>>>>> >> yotam.marom@gmail.com <x-msg://128/mc/compose?to=yotam.marom@gmail.com> ;

>>>>> >> Winter Siroco;

>>>>> >> vlad@glassbeadcollective.com

>>>>> >> <x-msg://128/mc/compose?to=vlad@glassbeadcollective.com> ;

>>>>> >> dissector@mediachannel.org

>>>>> >> <x-msg://128/mc/compose?to=dissector@mediachannel.org> ;

>>>>> >> dylanratigan@gmail.com

>>>>> >> <x-msg://128/mc/compose?to=dylanratigan@gmail.com> ; Nomi; Black, William;

>>>>> >> yves@nakedcapitalism.com

>>>>> >> <x-msg://128/mc/compose?to=yves@nakedcapitalism.com> ;

>>>>> >> Michael; Mike Papantonio; Michael Krieger; George Washington; Tyler

>>>>> >> Durden;

>>>>> >> ellenhbrown@gmail.com

>>>>> >> <x-msg://128/mc/compose?to=ellenhbrown@gmail.com> ; Karl; Barry; Kevin

>>>>> >> Zeese; max; Matt; Simon; Zach; David

>>>>> >> Cay Johnston; Bill Laggner; Paul; Noam Chomsky; Moyers, Bill;

>>>>> >> ggreenwald@salon.com

>>>>> >> <x-msg://128/mc/compose?to=ggreenwald@salon.com> ;

>>>>> >> glen.ford@blackagendareport.com

>>>>> >> <x-msg://128/mc/compose?to=glen.ford@blackagendareport.com> ;

>>>>> >> oftwomindz@comcast.net <x-msg://128/mc/compose?to=oftwomindz@comcast.net>

>>>>> >> Subject: Re: OccupyWallStreet Economic Statement Draft 1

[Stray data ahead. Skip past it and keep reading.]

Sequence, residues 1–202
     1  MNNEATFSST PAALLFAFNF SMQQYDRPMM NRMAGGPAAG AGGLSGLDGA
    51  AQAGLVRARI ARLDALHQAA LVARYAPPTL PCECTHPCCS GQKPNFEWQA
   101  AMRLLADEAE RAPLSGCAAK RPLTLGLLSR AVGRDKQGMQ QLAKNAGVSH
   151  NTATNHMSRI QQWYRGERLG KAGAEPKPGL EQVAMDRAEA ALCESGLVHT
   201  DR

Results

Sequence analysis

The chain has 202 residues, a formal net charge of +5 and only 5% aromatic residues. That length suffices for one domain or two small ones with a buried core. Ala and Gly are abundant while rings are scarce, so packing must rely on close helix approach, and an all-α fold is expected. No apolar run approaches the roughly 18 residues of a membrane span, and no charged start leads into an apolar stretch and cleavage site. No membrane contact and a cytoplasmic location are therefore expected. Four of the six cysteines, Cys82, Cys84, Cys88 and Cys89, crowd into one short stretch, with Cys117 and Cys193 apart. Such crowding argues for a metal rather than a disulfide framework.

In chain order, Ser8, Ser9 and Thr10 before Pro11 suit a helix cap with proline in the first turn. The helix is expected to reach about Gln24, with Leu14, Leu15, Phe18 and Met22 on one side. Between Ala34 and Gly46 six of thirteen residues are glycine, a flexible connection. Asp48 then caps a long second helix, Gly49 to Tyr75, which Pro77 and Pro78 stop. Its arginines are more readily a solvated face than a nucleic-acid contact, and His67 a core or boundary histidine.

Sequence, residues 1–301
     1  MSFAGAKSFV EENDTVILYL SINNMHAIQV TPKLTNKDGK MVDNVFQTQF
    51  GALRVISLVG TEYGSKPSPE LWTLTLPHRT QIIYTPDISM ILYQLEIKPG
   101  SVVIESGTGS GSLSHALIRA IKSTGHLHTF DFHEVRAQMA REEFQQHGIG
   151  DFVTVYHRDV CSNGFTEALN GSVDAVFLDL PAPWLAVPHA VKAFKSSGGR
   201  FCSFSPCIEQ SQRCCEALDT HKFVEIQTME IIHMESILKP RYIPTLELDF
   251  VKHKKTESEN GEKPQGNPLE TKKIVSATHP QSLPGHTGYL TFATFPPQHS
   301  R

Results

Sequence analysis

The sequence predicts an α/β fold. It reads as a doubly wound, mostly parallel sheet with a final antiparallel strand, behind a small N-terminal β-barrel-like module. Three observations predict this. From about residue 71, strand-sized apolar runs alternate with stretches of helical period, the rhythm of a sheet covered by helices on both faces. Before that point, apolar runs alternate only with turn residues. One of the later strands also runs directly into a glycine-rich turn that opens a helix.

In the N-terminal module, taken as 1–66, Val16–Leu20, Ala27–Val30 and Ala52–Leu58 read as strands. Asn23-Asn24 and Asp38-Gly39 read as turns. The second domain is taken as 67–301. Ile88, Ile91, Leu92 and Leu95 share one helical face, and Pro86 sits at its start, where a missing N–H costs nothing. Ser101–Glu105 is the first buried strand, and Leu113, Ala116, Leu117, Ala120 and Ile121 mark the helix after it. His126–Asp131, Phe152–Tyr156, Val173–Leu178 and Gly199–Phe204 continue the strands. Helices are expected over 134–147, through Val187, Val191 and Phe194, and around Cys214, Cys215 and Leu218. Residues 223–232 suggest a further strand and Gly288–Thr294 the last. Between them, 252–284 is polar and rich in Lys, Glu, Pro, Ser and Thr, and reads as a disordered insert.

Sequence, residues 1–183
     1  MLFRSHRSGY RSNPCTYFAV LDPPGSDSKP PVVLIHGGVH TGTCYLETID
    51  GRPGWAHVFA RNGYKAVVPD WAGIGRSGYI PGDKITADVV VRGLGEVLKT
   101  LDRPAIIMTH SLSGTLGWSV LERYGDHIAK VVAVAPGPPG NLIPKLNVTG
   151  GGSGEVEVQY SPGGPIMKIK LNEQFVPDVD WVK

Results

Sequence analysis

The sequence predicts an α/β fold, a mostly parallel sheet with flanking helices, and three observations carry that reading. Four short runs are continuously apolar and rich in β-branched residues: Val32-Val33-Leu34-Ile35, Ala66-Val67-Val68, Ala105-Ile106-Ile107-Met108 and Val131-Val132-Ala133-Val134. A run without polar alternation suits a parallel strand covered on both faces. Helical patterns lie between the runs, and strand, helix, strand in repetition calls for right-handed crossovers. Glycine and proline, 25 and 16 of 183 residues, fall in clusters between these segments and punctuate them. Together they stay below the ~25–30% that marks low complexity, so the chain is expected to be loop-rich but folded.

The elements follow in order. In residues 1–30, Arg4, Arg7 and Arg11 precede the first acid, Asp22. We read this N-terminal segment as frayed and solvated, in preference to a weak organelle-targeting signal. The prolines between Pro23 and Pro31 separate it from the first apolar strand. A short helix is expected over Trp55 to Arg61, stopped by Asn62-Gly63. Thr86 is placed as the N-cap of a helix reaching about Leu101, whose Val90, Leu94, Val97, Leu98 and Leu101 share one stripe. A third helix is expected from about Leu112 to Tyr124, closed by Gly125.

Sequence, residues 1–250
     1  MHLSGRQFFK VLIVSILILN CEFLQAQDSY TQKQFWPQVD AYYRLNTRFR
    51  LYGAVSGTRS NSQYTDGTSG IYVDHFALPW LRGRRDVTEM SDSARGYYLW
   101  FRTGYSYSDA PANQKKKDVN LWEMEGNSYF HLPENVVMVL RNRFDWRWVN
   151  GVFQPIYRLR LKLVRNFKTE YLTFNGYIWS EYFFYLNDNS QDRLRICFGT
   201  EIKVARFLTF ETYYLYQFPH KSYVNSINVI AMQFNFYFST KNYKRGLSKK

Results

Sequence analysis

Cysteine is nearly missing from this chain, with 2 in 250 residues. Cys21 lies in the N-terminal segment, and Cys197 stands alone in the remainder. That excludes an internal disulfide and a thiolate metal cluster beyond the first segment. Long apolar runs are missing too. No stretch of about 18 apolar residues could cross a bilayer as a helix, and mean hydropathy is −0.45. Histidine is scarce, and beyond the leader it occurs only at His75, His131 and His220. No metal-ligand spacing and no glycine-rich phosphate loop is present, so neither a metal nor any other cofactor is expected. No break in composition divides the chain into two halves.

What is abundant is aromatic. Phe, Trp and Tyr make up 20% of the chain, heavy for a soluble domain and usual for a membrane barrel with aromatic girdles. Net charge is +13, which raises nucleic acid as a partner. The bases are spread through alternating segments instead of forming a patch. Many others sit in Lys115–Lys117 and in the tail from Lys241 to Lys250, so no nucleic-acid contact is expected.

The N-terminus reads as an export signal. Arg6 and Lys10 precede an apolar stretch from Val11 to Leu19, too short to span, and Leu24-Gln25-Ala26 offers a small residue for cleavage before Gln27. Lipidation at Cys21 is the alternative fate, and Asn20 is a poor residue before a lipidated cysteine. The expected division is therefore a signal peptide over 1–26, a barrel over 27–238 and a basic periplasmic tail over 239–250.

>>>>> >>

>>>>> >> here it is w/ Dylan's suggested revisions, the ending needs

>>>>> >> smoothing out,

>>>>> >> let's see if we can finalize something tonight in GA - flooded w/

>>>>> >> calls rght

>>>>> >> now, will be on NBC w/ Brian William tonight

>>>>> >>

>>>>> >> STATEMENT:

>>>>> >>

>>>>> >> we are publishing this statement in response to misinformation being

>>>>> >> spread

>>>>> >> throughout some media outlets, we would like to issue the statement

>>>>> >> below to

>>>>> >> give some clarification as to why we are currently occupying Wall

>>>>> >> Street:

>>>>> >>

>>>>> >> Now let us make something clear to our fellow American citizens.  We

>>>>> >> - old,

>>>>> >> young, rich, poor, middle class, black, white, blue, red, hippies,

>>>>> >> conservatives, liberals, soldiers, teachers, lawyers, doctors,

>>>>> >> firefighters,

>>>>> >> and yes, police officers - the people occupying Wall Street, are not

>>>>> >> against

>>>>> >> rich people for being rich, as various corporate media outlets are

>>>>> >> attempting

>>>>> >> to make you think we are.   We believe wealth should be a byproduct